When investing in mutual funds, you have to decide between growth or dividend option. In the dividend add back option, you can either allow your capital to grow as per the stock market’s movement or consider taking the dividend payout option to get a dividend when the mutual fund scheme has distributable profits. The growth option works similarly to the dividend add-back feature. Initially, investors chose the dividend option to get a regular payout from their mutual fund scheme. However, in the dividend option, there is a risk of capital decline if the dividends are paid without distributable profits. Moreover, changes in Budget 2020 made dividends taxable. But you can still get regular income from your mutual funds by opting for an SWP under the growth option.
Here is everything you need to know about mutual funds dividend option and SWP:
What is a dividend option in mutual funds?
When you opt for a dividend payout option in mutual funds, the asset management company (AMC) gives you dividend payouts at different intervals depending on the appreciation of the investments. Mutual fund schemes, specifically the fund manager, decide the frequency of dividend payouts – daily, monthly, quarterly, or annually. However, there is no guarantee of dividend payout. The dividend is paid from the surplus of the scheme. If the principal investment is reduced, the mutual fund scheme does not pay dividends to protect the capital. Further, dividend payments attract a dividend distribution tax (DDT) – 10% for equity schemes and 25% for debt mutual funds, excluding surcharge and cess.
The NAV (Net Asset Value) of the mutual fund is reduced by the dividend amount paid and DDT.
What is the SWP option in mutual funds?
An SWP option is another medium to get regular payouts from your mutual fund scheme. SWP (Systematic Withdrawal Plan) function contrary to a SIP (Systematic Investment Plan). In a SIP, you invest consistently over a period, whereas in an SWP, you invest a lump sum in the mutual fund scheme and take a pre-agreed amount on a pre-defined interval.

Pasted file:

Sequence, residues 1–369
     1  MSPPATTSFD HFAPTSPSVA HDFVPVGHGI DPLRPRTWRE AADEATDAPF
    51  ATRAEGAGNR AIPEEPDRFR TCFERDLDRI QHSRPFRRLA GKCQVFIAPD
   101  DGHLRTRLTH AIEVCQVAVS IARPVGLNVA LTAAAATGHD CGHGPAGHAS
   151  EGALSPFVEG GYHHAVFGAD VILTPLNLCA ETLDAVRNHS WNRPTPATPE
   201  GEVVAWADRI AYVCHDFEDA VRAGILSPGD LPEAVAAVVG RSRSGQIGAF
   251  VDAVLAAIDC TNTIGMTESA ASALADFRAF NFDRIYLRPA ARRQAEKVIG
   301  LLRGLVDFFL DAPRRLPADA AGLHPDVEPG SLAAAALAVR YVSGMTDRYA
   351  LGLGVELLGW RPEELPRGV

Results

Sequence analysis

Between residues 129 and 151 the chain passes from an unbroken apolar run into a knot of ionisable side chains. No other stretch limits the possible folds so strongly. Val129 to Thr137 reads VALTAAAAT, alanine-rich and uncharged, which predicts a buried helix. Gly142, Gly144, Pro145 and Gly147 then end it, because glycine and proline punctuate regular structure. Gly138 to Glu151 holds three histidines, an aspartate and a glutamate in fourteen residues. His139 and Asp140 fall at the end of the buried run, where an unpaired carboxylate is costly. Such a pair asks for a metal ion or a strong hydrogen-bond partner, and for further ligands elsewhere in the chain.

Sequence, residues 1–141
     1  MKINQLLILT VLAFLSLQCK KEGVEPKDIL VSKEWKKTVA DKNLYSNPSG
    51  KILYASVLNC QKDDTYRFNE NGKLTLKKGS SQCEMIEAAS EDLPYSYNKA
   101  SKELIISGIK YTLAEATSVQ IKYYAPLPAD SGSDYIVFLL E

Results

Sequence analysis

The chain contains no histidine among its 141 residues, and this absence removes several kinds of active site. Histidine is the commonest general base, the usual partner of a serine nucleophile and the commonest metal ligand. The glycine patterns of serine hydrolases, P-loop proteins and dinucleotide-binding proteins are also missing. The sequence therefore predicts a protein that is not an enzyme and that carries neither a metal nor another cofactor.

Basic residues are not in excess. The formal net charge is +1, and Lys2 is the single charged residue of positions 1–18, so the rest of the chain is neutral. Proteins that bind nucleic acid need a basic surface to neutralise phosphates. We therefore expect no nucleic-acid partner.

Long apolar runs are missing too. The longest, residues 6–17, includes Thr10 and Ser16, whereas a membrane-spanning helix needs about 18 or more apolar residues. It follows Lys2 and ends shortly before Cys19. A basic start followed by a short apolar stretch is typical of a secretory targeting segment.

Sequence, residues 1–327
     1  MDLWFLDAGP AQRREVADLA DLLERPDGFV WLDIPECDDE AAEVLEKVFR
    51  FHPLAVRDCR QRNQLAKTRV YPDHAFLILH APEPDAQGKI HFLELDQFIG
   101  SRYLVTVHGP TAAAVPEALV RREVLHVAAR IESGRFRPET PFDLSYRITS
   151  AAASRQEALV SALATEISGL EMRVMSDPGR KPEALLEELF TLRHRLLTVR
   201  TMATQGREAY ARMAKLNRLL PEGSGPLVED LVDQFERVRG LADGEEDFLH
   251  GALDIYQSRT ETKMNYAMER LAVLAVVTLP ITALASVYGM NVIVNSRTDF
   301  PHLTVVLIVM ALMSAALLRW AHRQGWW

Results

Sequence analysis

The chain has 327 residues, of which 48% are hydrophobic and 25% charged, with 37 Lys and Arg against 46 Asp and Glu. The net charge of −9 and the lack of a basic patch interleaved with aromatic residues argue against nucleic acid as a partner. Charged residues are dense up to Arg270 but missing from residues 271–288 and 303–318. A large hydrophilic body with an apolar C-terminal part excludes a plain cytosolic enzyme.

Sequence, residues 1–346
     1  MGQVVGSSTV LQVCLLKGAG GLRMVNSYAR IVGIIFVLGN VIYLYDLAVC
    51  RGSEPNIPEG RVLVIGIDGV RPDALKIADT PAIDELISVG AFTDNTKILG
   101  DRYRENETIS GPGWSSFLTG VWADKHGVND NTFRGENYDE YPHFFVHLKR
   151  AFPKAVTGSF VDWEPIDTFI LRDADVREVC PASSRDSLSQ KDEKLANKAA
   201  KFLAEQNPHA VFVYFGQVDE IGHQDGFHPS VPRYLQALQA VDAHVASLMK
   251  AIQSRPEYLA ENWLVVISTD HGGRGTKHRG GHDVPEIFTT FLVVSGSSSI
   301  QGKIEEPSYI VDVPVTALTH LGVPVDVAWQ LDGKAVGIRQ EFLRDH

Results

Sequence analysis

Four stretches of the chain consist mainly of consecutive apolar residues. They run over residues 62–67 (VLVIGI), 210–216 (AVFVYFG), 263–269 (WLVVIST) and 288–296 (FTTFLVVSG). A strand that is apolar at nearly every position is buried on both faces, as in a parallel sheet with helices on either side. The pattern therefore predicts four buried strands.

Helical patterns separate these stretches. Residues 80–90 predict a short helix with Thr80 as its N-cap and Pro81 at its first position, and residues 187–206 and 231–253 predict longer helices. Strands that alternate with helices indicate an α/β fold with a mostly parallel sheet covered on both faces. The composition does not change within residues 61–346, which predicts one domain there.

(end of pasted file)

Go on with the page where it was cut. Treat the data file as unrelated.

Withdrawals made from equity mutual fund schemes within one year and withdrawals made from debt mutual funds within three years are short-term capital gains (STCG). SWP beyond this period is long-term capital gains (LTCG). In LTCG, earnings up to Rs. 1 lakh are exempt, whereas equity gains beyond Rs. 1 lakh are taxed at 10%. Debt LTCG tax is 20%.
Which is better – dividend or SWP?
Read this table to understand which option is better between dividend and SWP:
|Basis of Difference||Dividend Mutual Fund||SWP|
|Guarantee of withdrawal||No guarantee of withdrawals as the dividends depend on the performance of the mutual fund scheme.||Payouts are guaranteed. You can withdraw the sum you need.|
|Cash flow||No control over the payouts. Dividends are paid irrespective of their need.||You control the payouts. You can start and stop the SWP as per your need.|
|Portfolio||NAV is lowered, but the mutual fund units are unaffected.||NAV is unaffected, but the mutual fund units are reduced.|
|Taxes||The fund house pays the DDT, but there is no capital gains tax.||Withdrawals are subject to capital gains depending on the time of holding.|
You can choose an option that suits your financial requirements. Use the Tata Capital Moneyfy app to invest, monitor, and manage your mutual fund schemes.